Everyone has their own tips and tricks that help you to build faster and more accurately. Here are some of the best construction tips shared by seasoned pros.
Laying subflooring panels
When installing OSB subfloor sheathing, you may find it difficult to lower the T&G sheets onto the joists without dropping them and splattering the glue. Place a common garden hoe under the leading edge of the subfloor to gently lower the subfloor panel into place.
Nothing is perfect, but it is good to know your tolerances. To get started right on framing, mudsills have to be straight, level, parallel and square. You have a bit of wiggle room here with their lengths.
Rim joists, on the other hand, need to be the right length to within 1/10 inch accuracy before being nailed to the mudsill.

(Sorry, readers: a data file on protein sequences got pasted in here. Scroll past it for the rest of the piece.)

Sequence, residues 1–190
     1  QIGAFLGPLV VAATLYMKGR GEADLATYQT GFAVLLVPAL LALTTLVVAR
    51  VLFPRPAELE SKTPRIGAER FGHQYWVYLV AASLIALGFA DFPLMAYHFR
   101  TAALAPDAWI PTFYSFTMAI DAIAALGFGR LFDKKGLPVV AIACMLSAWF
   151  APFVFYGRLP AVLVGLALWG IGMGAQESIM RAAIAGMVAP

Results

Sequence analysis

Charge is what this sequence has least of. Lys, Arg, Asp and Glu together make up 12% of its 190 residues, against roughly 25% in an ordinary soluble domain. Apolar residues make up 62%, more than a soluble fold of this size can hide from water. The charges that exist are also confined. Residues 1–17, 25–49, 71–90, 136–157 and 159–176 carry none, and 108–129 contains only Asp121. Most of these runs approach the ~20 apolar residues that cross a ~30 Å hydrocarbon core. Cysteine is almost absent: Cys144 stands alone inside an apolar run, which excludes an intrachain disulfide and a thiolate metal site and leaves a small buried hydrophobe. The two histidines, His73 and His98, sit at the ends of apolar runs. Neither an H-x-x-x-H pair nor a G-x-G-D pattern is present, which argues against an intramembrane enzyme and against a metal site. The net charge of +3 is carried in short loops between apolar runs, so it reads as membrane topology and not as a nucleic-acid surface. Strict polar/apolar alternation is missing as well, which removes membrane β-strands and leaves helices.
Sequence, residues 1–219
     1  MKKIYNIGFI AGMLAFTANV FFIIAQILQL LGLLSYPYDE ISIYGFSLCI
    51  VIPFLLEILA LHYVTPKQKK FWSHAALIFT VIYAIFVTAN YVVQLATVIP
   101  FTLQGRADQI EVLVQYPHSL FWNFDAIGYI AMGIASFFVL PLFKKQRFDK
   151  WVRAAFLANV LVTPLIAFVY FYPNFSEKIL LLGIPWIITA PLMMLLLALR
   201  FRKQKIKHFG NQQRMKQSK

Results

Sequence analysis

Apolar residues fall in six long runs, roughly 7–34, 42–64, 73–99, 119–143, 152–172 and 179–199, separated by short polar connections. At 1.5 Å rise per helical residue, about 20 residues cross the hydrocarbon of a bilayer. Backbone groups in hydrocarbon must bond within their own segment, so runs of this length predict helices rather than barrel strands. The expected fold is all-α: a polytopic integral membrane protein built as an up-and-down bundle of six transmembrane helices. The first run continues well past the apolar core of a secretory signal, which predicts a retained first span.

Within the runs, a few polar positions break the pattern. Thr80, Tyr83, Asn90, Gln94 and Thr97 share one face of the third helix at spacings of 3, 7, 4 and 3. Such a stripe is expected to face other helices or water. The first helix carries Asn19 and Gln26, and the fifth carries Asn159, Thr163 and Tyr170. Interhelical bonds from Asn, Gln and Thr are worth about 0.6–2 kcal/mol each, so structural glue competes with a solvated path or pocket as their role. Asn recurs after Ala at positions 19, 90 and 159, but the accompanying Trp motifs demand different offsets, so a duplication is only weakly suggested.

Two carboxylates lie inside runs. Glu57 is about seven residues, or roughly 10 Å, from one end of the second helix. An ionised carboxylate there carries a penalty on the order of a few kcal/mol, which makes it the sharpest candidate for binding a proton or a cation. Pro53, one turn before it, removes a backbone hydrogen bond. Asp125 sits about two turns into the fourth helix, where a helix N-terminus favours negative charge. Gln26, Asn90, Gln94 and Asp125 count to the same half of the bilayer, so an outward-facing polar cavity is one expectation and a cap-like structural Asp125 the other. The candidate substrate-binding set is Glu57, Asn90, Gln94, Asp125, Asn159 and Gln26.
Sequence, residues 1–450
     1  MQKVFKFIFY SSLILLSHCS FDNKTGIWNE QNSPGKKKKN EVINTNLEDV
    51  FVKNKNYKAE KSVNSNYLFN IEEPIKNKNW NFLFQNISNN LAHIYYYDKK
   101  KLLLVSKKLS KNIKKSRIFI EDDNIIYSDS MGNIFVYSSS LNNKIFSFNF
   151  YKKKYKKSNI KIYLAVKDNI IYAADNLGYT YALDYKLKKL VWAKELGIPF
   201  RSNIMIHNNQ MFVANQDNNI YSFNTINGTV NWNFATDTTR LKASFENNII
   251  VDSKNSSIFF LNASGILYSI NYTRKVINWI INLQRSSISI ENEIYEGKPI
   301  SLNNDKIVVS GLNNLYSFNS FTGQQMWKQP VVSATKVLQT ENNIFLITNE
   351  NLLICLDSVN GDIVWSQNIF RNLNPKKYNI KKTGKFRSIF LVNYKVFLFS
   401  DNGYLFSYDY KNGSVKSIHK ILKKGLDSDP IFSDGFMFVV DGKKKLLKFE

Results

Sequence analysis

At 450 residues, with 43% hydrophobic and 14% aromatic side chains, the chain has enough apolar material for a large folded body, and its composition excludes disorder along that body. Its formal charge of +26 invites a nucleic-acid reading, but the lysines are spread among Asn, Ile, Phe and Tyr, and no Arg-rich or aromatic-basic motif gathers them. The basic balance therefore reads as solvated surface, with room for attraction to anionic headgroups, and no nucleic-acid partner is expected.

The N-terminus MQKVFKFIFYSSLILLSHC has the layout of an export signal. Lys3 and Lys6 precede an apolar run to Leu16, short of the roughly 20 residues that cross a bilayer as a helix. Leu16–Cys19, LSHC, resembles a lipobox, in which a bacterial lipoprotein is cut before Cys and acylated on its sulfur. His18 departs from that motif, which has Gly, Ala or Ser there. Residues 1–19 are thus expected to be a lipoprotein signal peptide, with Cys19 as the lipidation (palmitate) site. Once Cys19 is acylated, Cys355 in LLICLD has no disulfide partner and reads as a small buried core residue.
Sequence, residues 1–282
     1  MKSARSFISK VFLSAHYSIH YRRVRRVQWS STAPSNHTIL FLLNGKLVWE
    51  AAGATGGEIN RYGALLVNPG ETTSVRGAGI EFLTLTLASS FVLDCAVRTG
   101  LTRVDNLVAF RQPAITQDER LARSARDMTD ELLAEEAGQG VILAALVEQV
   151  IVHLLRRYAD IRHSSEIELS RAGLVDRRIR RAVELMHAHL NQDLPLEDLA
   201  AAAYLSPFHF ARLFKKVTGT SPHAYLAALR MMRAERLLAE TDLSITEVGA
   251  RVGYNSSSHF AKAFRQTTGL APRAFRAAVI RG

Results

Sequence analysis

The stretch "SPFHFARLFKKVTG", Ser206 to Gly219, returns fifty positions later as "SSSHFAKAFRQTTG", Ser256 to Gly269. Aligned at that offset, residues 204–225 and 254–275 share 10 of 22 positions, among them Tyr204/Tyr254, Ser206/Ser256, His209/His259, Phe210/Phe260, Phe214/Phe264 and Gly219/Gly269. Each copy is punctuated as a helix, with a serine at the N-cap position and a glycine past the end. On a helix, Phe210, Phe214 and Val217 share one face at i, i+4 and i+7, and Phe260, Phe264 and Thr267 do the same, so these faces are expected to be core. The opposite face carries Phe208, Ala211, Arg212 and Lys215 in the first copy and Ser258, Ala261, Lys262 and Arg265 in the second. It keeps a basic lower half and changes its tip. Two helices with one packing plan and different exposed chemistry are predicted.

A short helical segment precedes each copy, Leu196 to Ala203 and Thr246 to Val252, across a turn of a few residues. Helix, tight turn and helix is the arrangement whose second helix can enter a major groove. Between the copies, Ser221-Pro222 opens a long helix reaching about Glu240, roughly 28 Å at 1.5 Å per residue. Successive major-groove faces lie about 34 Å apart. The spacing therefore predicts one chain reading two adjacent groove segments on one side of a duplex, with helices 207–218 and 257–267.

When it comes to framing, the length of the bottom wall plate has some leeway and can be up to ¼ inch short, but the top plate needs to be cut correctly to within 1/4 inch. The length of the cap or double plate that sits on top of that can have a little more wiggle room with ¼ inch tolerance.
How straight should your walls be? Up to ¼ inch out of plumb for every 8 feet and a ¼ inch bow in a 50-foot wall won’t cause major structural issues.
Pay particular attention to framing in kitchens and bathrooms to make it easier for other trades to do their jobs.
Use your best lumber
Most studs aren’t going to be perfectly straight, so save the best pieces for where it makes the biggest difference. Kitchens and bathrooms need straight walls for tiles and cabinetry. Corners and doorways also need to be square, so save your straightest studs for these areas.
The two top wall plates need to be straight, but the bottom one is not quite as critical.